The Online Health Care Revolution: How the Web helps Americans take better care of themselves
You can download the whole report at

"Online Patient-helpers and Physicians Working Together: A New Partnership for High quality Health Care," Tom Ferguson
British Medical Journal i
Vol. 321, Pp. 1129-1132, Nov 4, 2000 "In January 1998 Karen Parles, a 38 year old librarian at a major New York art museum, learned that she had lung cancer. "My doctors told me it was incurable, that I had only a few months to live," she recalls. "I'm a life-long nonsmoker, so the whole thing came as quite a shock. I was pretty overwhelmed at first. But as soon as I could, I went on to the internet, looking for information. And I asked all my friends to help...."
Continued at:

"Digital Doctoring: Opportunities and Challenges in Electronic Patient-Physician Communication," Tom Ferguson (Editorial)
Journal of the American Medical Association
Vol. 280, No. 15 "The Internet is an increasingly popular medical information resource for consumers. A 1997 survey indicated that 43% of the estimated 40.6 million US adults aged 18 years and older who had accessed the Internet within the previous 12 months used it to obtain health or medical information. At least 10,000 health and medical sites are on the World Wide Web, and are maintained by entities ranging from academic medical centers and professional organizations to individuals. Thousands of other online self-help and support groups, electronic bulletin boards, and mailing lists also are available, covering topics ranging from acne to yeast infections. Fridsma et al have suggested that many patients who go online are increasingly interested in exchanging e-mail with their physicians. In a 1996 survey, Brown found that patients ranked "information from my own doctor's office" as the type of online health information they desired most..."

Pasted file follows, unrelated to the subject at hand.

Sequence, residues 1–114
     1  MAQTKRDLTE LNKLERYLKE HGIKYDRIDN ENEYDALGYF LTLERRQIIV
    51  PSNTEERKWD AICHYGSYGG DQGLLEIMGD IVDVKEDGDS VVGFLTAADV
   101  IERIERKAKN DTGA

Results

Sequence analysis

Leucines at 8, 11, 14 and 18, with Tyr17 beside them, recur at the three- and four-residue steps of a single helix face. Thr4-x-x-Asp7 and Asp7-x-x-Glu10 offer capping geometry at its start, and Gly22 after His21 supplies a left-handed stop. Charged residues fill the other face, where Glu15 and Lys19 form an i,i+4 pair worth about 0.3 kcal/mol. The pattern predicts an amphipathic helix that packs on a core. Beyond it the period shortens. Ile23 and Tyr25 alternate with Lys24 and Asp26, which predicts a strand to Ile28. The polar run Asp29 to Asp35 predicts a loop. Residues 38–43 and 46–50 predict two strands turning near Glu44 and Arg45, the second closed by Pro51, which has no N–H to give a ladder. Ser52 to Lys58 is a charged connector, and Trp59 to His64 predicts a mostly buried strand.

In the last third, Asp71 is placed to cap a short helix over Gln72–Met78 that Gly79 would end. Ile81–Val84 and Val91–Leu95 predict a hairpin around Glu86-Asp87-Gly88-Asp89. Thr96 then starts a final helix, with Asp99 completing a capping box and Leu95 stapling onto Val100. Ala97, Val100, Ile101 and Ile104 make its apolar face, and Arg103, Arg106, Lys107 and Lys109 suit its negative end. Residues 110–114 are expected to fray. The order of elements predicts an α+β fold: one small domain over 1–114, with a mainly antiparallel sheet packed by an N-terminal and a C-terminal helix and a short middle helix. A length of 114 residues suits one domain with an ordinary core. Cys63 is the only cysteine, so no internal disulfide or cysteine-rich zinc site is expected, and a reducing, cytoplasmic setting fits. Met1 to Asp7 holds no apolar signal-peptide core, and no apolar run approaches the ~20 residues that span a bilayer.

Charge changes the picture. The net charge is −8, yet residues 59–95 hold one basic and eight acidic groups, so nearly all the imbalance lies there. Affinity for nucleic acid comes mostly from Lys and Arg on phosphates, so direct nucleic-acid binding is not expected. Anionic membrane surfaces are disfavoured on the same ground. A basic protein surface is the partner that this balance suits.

Continued at:

Report of a Recent Online Health Conference at Harvard School of Public Health
Harvard Net News "Anthropologists believe that a society moves through five stages of response when new technology is introduced: Ignore, resist, substitute, innovate, and finally, transform. Dr. Tom Ferguson thinks that in response to the Internet, the medical community is hovering around the first three stages...."
Continued at

"Guidelines for the Clinical Use of Electronic Mail with Patients"
AMIA Working Group Task Force on Guidelines for the Use of Clinic-Patient E-mail (Dr. Ferguson is one of the members of this Task Force)
Journal of the American Medical Informatics Association,
Vol. 5, No. 1, Jan/Feb 1998, pp. 104-111
This is the original set of guidelines on this topic--upon which all others have been based. An updated set of guidelines is currently in the works. For other sets of guidelines, see Danny Sands' page, below.

Danny Sands' Clinical Use of Doctor-Patient E-mail Page
Danny Sands, at Harvard's Center for Clinical Computing offers a central source of constantly-updated information for providers who would like to communicate with their patients online. His site offers tips for physicians, tips for patients, and several sets of guidelines for developing clinic-based systems for doctor-patient e-mail. There are links to the best medical journal articles, to other centers that make extensive use of e-mail with patients, and to related news stories, professional organizations, companies offering related services, and other useful goodies. Highly recommended for all health professionals interested in developing online patient services.